Another Christmas season has passed by, and along with it the extended cooking and baking sessions. The many days spent using all kitchen appliances and every inch of counterspace had a potential highlight more lasting than a home cooked meal: When consumers really use their kitchens, theydiscover what does and doesn’t work.
A smoothly functioning kitchen has space for everything to be stored away, within reach. Can you achieve that with your current cabinets? If so, Flynn suggests keeping them and just replacing or refinishing the doors.
“Cabinetry installation adds a lot to a budget,” he says, “so saving by simply reusing what you’ve got can be a massive help.”
If your cabinet doors are stained wood, consider painting them. Then change the hardware. Drawer pulls and cabinet door handles “can make or break the look of the space,” says Jimmy Meyers, of the Boston-based design firm Hearth.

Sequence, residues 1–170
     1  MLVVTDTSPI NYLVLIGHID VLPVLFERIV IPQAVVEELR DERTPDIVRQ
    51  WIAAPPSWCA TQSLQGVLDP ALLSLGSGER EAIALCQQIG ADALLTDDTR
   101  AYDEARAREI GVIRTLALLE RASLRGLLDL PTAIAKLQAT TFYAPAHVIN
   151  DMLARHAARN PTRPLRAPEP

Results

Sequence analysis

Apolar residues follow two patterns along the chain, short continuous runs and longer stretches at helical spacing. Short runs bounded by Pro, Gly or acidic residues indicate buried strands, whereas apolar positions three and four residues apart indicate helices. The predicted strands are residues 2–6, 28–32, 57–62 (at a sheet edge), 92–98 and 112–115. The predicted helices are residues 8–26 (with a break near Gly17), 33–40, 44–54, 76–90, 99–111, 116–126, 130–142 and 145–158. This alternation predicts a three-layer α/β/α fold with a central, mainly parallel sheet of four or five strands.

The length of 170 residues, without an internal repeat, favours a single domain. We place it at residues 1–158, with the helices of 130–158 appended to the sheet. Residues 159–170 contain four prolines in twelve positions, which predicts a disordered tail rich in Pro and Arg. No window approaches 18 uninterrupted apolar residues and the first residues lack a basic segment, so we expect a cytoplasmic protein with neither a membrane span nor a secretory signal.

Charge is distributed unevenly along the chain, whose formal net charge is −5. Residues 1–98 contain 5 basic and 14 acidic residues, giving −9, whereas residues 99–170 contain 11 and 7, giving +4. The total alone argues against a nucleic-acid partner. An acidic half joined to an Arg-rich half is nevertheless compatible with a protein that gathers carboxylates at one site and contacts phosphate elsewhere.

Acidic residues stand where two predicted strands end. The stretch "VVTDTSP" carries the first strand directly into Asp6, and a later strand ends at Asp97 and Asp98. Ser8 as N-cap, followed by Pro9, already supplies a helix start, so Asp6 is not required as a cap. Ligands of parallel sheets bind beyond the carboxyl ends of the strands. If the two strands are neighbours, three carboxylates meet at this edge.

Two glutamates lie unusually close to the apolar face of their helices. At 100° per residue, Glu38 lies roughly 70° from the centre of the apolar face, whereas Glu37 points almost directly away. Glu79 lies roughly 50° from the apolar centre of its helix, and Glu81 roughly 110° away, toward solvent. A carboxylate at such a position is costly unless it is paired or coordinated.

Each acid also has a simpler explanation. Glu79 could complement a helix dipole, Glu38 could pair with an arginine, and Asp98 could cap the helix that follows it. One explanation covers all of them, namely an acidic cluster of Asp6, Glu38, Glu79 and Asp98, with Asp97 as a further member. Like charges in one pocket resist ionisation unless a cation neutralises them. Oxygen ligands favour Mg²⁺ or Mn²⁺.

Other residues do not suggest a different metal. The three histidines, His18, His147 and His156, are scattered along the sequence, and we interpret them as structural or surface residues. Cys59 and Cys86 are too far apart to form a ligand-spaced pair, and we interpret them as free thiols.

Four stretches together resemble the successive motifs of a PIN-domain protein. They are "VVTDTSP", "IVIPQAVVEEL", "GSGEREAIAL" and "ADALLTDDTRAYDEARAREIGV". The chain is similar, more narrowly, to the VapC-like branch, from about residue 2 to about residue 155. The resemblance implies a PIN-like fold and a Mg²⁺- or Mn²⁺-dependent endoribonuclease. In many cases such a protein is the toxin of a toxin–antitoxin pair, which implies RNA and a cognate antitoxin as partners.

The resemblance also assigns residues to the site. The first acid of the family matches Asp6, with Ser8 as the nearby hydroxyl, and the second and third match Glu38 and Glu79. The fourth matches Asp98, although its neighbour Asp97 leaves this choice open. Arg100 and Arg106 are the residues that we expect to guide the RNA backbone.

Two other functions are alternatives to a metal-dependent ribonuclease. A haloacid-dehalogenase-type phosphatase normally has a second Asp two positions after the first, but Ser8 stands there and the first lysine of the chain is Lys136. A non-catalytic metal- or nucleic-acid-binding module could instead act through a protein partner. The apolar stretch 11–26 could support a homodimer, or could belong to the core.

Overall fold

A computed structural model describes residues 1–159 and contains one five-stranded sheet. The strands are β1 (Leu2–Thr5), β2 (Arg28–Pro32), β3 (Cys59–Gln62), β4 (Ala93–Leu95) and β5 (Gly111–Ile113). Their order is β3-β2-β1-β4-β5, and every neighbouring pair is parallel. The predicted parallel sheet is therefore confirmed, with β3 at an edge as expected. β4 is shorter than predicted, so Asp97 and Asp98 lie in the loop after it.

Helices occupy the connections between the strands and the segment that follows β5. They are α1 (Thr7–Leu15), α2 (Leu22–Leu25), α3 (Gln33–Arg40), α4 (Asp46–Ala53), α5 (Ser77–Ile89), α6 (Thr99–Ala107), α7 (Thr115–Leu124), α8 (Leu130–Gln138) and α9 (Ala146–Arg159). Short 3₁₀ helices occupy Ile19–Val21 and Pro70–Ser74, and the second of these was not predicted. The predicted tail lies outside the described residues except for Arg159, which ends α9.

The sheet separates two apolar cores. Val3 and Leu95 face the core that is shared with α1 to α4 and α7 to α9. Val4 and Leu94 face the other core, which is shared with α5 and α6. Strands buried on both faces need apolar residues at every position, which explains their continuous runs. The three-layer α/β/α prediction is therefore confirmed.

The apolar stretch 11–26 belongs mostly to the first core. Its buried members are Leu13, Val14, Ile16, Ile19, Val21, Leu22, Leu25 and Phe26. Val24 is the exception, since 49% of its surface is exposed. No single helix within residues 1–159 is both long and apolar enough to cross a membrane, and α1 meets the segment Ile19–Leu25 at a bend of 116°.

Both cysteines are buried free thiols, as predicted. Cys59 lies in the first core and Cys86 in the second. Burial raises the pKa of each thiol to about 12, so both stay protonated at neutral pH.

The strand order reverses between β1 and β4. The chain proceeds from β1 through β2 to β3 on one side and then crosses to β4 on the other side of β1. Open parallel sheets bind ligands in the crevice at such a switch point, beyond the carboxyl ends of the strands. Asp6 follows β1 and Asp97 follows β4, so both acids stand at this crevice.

If you do need to add or replace cabinets, Meyers suggests having them custom-made. It can be expensive, but they are worth the investment, she says. “You’ll get well-made pieces, built to your needs, that will last through time, kids and tons of use.”
Rather than adding cabinets with doors, she suggests installing drawers.
FRESH COLORS AND MATERIALS
Painting kitchen walls can be “a quick, inexpensive solution to a kitchen remodel,” Kleinhelter says, and “any color can work.” But she advises clients that kitchen decor “should work with the rest of the house.” Bring in colors that appear in nearby rooms or stick to a neutral palette.
If you’re trying to update your kitchen’s look, Meyers says “there’s been a shift from the once-ubiquitous all-white kitchen toward gray-painted cabinets, and we’ve found ourselves experimenting with color.”
Homeowners are also getting more creative and saving money with materials such as concrete. Concrete tile is “an inexpensive material that comes in an incredible array of colors and patterns,” Meyers says.